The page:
Machine Ethics and Artificial Moral Agents

  • Francesco CoreaEmail author
Part of the SpringerBriefs in Complexity book series (BRIEFSCOMPLEXITY)


This final chapter concerns issues that are usually not associated with the business performance but that instead have a profound impact on the company’s financial results. Ethics is indeed a strong component in the algorithmic development and should be managed with care. The chapter will discuss the most common ethics problems and data biases and propose some food for thoughts rather than solutions. It will also talk about the control problem, the accounting and explainability issues, and the development of a safe AI.


Machine Ethics Artificial Moral Agents Machine Intelligence Research Institute Stop Killer Robots Famous Trolley Problem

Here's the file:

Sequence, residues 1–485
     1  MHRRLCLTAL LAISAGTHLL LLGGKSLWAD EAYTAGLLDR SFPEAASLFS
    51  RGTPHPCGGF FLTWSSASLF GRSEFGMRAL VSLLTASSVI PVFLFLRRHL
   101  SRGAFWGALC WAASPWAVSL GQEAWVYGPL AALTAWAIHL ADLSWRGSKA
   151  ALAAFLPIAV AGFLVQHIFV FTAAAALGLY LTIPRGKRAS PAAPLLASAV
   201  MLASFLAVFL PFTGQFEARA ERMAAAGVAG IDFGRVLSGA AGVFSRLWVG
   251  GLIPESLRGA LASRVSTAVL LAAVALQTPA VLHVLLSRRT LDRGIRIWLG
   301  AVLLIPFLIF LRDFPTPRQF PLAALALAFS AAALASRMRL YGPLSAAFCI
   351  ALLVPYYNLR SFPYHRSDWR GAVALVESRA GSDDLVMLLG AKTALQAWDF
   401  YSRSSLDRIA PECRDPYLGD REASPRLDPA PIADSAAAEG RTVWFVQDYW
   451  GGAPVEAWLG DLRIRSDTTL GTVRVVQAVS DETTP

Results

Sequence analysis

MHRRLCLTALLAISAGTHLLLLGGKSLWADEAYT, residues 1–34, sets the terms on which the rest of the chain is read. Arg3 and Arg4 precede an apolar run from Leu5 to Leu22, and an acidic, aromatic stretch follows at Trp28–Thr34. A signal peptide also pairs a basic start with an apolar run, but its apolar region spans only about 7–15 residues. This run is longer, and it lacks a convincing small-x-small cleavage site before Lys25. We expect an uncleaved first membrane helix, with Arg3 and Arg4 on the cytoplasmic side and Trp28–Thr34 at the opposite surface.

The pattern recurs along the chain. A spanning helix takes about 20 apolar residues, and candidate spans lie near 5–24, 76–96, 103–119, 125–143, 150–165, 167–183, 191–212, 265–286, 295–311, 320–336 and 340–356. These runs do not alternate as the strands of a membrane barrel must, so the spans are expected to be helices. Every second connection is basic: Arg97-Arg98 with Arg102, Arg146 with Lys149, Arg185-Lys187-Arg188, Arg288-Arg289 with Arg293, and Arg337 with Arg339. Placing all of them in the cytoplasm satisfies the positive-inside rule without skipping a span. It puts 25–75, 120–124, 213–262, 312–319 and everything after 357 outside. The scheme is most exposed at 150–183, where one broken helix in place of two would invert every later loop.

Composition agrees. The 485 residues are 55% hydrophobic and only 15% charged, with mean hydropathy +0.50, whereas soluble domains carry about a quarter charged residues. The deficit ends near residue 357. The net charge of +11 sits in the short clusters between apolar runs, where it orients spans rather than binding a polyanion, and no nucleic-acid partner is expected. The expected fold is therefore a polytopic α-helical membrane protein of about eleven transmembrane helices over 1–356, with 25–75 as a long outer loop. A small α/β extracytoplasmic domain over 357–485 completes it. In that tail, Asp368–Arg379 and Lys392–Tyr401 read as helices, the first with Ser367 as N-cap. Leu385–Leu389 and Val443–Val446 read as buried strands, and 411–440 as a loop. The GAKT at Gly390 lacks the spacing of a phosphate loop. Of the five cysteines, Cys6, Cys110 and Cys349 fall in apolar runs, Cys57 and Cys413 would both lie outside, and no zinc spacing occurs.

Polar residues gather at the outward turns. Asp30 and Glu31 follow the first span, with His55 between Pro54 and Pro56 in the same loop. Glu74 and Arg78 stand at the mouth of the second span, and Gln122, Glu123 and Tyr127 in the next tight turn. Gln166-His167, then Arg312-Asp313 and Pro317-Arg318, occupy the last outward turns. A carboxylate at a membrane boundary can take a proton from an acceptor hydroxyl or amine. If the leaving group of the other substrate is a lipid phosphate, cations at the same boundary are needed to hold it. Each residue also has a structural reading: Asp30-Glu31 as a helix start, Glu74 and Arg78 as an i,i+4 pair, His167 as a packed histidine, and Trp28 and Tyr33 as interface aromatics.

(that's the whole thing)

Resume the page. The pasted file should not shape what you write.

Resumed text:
These keywords were added by machine and not by the authors. This process is experimental and the keywords may be updated as the learning algorithm improves.


  1. Amodei, D., Olah, C., Steinhardt, J., Christiano, P., Schulman, J., & Mané, D. (2016). Concrete problems in AI safety. arXiv:1606.06565v2.
  2. Dietvorst, B. J., Simmons, J. P., & Massey, C. (2015). Algorithm aversion: People erroneously avoid algorithms after seeing them err. Journal of Experimental Psychology, 144(1), 114–126.CrossRefGoogle Scholar
  3. Dietvorst, B. J., Simmons, J. P., & Massey, C. (2016). Overcoming algorithm aversion: People will use imperfect algorithms if they can (even slightly) modify them. Available at SSRN: or

Copyright information

© The Author(s) 2019

Authors and Affiliations

  1. 1.RomeItaly

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